Fermi energy Ef changes with applied electric field?

  • #1
50
0
Hi people,

I dont understand why when we apply the electric field to the metal Ef remains the same. Ef as translation energy of electrons remains the same but we accelerate the electrons with applied electric field so the translation energy increases too? In other hand according the formula for Ef(m*,N/L^3), where m* is the effective mass depends only on material, N/L^3-number of electrons in unit volume-depends on material too. So it turns out that the Ef actually depends only on properties of the metal.

Please take a look at the attached picture.

Thank you.
 

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Answers and Replies

  • #2
1,116
72
Is this an electrostatic situation?
 
  • #3
963
213
I dont understand why when we apply the electric field to the metal Ef remains the same. Ef as translation energy of electrons remains the same but we accelerate the electrons with applied electric field so the translation energy increases too? In other hand according the formula for Ef(m*,N/L^3), where m* is the effective mass depends only on material, N/L^3-number of electrons in unit volume-depends on material too. So it turns out that the Ef actually depends only on properties of the metal.
I think there is a relationship of applied E-field and charge density - rate of change of E can be related to charge density-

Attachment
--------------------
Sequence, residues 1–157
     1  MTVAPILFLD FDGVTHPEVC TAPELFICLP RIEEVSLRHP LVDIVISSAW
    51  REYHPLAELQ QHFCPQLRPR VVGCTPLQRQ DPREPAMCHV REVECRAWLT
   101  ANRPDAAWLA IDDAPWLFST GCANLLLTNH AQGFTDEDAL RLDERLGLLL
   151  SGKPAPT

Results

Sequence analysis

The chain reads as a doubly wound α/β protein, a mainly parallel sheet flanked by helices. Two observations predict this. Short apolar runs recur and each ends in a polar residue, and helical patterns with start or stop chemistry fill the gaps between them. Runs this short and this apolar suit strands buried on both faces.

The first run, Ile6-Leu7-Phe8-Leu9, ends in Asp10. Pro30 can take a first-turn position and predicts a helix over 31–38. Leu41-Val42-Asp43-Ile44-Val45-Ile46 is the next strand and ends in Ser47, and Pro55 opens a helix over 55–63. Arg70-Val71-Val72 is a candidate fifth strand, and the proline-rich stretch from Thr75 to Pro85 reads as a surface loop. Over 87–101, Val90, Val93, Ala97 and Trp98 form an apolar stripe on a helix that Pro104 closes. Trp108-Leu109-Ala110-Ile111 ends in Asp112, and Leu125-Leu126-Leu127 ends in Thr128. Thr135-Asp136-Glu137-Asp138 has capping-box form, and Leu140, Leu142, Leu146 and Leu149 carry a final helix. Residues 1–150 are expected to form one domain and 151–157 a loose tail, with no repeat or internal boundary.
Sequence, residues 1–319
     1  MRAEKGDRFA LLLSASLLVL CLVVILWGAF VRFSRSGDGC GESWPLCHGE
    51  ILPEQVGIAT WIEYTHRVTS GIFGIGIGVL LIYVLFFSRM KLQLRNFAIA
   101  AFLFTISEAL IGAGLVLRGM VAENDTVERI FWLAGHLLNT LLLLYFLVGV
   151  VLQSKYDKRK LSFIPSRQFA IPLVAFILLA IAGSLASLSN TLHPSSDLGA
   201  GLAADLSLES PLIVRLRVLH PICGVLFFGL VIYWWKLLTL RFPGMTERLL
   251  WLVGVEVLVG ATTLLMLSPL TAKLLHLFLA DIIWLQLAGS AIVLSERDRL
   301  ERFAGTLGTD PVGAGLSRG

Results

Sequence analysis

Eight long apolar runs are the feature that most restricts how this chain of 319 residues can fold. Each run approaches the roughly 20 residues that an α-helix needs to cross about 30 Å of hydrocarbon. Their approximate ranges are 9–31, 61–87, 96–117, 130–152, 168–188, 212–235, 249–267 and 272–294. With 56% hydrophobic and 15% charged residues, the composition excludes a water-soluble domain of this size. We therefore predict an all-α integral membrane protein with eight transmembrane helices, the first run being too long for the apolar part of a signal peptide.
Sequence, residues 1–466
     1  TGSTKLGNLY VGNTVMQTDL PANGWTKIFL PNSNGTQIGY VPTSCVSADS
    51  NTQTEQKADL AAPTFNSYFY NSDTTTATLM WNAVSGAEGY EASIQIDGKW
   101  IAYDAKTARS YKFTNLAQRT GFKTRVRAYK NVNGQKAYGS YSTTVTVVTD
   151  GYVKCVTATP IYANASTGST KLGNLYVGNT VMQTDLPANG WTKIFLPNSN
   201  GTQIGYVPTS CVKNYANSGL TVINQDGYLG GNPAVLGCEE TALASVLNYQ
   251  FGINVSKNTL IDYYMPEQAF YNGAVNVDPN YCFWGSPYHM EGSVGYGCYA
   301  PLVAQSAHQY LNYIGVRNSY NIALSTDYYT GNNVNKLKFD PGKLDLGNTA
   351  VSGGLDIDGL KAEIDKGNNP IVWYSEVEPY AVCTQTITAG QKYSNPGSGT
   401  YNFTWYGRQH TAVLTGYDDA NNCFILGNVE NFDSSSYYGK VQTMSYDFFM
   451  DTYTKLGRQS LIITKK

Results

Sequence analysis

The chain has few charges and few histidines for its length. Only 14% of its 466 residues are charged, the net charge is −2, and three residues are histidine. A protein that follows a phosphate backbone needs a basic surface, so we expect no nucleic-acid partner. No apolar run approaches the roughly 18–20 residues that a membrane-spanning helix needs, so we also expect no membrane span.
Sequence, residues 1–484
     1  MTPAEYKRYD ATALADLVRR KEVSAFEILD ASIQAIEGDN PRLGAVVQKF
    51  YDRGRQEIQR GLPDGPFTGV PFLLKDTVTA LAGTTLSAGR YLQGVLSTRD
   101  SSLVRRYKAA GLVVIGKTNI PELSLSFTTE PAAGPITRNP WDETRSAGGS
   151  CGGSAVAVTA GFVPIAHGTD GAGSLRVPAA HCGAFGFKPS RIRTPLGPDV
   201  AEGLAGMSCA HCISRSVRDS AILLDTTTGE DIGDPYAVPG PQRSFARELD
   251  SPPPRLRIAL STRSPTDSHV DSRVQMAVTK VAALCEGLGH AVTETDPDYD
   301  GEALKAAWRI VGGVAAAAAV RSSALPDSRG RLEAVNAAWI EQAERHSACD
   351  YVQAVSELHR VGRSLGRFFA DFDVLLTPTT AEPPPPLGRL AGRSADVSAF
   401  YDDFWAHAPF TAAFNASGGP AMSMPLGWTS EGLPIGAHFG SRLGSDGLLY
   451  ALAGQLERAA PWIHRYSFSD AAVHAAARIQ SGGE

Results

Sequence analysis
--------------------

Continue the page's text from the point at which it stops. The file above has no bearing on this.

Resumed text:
for a good discussion pl. see
<http://www-inst.eecs.berkeley.edu/~ee143/sp06/lectures/Semiconductor_tutorial_2.pdf> [Broken]
 
Last edited by a moderator:
  • #4
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I think there is a relationship of applied E-field and charge density - rate of change of E can be related to charge density-
for a good discussion pl. see
<http://www-inst.eecs.berkeley.edu/~ee143/sp06/lectures/Semiconductor_tutorial_2.pdf> [Broken]
sorry but link is broken.
 
Last edited by a moderator:
  • #5
50
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Is this an electrostatic situation?
I want to know about both of them: static and not static.
 
  • #6
1,116
72
When you apply the field the charges redistribute themselves so the field in the metal remains zero. The electrons are bound so are not going to accelerate off anywhere like free ones.
 

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